I had the privilege represent TAT as a presenter and sponsor at the Tennessee Child Advocacy Center’s Connecting for Children’s Justice (CCJ) Conference in Murfreesboro, TN earlier this week. The annual conference is an excellent opportunity for multiple disciplines that fight child sexual abuse and exploitation to gather together for training and sharing best practices. Here are a few observations from my participation in the conference.
ACEs Are Still King
Adverse Childhood Experiences (ACEs) were front-and-center throughout the breakout sessions at CCJ. Though the research is decades old, the last 5 years or so have seen the mental health and child abuse prevention fields stand up and pay attention to the way childhood traumas impact developing adults. The number of adverse experiences that are screened in the ACE survey range from domestic violence and divorce to all forms of child abuse and neglect. It is admittedly incomplete. Even leaving out community violence or poverty, the ACEs score is predictive of the top 10 causes of premature death and indicates a life span that is 20 years shorter on average for those experiencing 4 or more ACEs.
Social Media and Crimes Against Children
Digital behaviors continue to put children at risk. Is there any surprise about that? However, social media simply magnifies the developmental challenges our children have always had to negotiate. Impulse control and decision-making are difficult for adolescents as it is, but trauma and abuse negatively affect the brain development in those important areas. Taking a developmentally appropriate approach to regulating social media use by teens is extremely important. As internet crime rates climb, law enforcement and the legal system continue to grow in their ability to investigate and prosecute them.
Surviving Multi-generational Sex Abuse
Finally, the story of Sasha Joseph Neulinger is one of courage in response to sexual abuse by multiple family members. From age 4-8, Sasha was raped by 3 adult family members, 2 uncles and a cousin, often at family gatherings. When Sasha realized his younger sister was being abused as well, he found the courage to tell his mother, in spite of death threats from his abusers. One of his uncles was the Cantor of the Reformed Jewish Synagogue in New York City, and he mounted a legal defense that drew out the proceedings for nearly a decade. In the process, the uncle’s sex abuse of his sons, Sasha’s father and the other offending uncle, came to light. This gave Sasha a level of empathy for his abusers who were themselves abused. Sasha credits his mother and father’s response and support once they knew what was happening as a key to his survival in the aftermath of the abuse. “Rewind to Fast Forward” is Sasha’s upcoming film documenting his survival, court battle, and eventual recovery from horrendous interfamily abuse. The film will incorporate clips from over 300 hours of home video shot by Sasha’s father, which documented his abusers in family settings during the time of the abuse. Sasha’s multimedia keynote presentation CCJ shared his story and some cuts from the film which is yet to be released.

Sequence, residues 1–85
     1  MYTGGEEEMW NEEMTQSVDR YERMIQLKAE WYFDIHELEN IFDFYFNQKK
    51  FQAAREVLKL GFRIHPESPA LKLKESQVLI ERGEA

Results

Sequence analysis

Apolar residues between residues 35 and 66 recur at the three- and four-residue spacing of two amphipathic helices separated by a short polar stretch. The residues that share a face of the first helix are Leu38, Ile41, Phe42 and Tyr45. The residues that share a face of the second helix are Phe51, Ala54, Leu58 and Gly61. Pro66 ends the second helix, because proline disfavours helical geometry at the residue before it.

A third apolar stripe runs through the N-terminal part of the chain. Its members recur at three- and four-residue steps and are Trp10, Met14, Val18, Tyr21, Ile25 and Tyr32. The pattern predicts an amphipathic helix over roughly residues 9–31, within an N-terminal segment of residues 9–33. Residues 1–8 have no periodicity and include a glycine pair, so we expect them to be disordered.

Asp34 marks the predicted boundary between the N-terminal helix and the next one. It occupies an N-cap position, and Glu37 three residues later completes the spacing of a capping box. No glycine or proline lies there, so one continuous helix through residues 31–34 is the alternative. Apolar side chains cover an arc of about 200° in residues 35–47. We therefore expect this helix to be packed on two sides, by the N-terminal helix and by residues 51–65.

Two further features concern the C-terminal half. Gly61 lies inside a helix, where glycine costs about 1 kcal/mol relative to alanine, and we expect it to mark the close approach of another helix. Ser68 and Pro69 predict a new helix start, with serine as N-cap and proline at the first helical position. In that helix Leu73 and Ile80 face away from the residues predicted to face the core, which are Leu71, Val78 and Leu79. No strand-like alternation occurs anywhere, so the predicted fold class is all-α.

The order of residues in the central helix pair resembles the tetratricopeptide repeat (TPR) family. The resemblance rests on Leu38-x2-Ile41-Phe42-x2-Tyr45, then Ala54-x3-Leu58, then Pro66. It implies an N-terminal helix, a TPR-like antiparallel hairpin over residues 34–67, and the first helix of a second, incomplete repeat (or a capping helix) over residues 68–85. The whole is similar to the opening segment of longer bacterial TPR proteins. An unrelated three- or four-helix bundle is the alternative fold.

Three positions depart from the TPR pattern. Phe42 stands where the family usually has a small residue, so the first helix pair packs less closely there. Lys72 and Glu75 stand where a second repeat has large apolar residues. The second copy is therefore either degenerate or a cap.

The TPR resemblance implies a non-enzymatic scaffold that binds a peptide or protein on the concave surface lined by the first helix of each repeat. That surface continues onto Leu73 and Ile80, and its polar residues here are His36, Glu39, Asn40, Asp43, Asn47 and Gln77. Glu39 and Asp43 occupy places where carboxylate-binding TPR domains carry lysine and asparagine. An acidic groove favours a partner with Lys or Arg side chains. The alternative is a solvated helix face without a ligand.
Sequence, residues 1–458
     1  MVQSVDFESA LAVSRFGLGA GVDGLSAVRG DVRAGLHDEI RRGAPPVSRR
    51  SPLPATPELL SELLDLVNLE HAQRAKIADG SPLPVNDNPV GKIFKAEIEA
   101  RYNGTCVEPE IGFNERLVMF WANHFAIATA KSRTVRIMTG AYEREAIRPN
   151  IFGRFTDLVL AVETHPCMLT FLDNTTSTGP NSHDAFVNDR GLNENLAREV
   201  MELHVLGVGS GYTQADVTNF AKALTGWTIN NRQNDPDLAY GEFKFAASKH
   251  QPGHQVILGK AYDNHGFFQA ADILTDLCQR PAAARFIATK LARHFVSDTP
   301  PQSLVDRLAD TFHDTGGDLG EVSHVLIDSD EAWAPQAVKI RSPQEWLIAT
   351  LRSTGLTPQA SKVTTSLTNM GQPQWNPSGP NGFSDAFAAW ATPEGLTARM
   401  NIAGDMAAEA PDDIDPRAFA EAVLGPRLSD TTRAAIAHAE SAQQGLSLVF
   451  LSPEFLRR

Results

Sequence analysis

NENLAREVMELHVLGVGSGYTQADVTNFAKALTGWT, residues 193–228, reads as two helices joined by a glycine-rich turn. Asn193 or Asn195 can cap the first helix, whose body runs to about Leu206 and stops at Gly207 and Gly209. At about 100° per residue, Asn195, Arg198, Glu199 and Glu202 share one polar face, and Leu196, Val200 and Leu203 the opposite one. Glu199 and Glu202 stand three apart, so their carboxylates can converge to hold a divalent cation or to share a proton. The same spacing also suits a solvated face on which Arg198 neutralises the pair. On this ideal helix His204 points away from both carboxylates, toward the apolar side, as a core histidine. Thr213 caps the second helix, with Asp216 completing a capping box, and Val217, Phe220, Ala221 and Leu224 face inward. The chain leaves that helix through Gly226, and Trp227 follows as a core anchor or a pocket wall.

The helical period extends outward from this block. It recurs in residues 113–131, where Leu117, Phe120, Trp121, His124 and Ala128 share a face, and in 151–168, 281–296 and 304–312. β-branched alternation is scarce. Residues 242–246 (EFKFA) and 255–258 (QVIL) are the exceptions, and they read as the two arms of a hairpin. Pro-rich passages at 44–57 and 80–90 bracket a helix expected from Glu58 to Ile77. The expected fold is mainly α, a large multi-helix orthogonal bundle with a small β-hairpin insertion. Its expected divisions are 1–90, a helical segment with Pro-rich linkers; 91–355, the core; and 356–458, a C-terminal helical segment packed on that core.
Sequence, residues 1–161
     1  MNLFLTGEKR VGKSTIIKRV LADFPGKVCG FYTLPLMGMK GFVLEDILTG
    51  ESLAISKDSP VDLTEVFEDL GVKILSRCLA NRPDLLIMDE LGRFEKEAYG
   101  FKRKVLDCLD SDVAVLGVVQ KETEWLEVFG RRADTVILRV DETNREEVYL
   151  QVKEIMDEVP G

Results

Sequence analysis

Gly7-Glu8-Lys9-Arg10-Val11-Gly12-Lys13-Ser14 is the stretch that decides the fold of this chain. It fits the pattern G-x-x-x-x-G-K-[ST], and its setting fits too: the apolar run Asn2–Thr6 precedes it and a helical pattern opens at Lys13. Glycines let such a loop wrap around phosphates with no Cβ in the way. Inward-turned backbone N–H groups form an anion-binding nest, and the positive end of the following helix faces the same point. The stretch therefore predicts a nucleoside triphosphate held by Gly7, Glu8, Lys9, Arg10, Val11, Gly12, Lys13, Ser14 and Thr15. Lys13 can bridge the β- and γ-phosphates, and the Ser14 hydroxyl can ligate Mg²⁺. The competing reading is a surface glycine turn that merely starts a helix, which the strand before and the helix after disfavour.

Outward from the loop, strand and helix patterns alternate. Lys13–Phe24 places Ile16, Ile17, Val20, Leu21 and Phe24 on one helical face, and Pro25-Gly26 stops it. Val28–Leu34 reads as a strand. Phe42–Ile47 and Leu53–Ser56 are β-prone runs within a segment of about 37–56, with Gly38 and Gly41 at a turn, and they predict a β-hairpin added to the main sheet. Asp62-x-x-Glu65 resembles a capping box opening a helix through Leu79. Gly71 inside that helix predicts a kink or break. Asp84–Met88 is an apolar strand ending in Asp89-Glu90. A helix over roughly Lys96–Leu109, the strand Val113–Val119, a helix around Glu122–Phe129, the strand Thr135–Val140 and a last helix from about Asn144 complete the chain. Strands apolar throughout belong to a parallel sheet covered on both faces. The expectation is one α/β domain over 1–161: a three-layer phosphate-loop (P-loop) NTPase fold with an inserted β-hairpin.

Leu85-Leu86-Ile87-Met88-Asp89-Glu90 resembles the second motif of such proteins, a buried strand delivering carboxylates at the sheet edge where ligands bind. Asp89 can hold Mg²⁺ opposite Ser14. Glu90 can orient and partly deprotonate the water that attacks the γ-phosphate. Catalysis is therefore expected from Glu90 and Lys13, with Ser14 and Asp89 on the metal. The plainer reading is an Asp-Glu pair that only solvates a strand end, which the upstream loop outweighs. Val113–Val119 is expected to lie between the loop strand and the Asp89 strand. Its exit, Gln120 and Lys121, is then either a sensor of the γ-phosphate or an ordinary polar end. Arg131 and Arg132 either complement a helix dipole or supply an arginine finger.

Youth Coaching as a Resilience and Prevention Tool
I’m thankful to many who stopped by our table and participated in my session on Tuesday. The session was titled, “Work Together to Rise Together: Youth Coaching as a Catalyst for Positive Change.” I previewed coaching as a helping method and illustrated some coaching techniques that can be used to enhance helping young people from mental health and recovery backgrounds. My small but attentive audience was very participative. They gave me hope that we can make coaching a go-to support and resilience program to improve the lives of young people.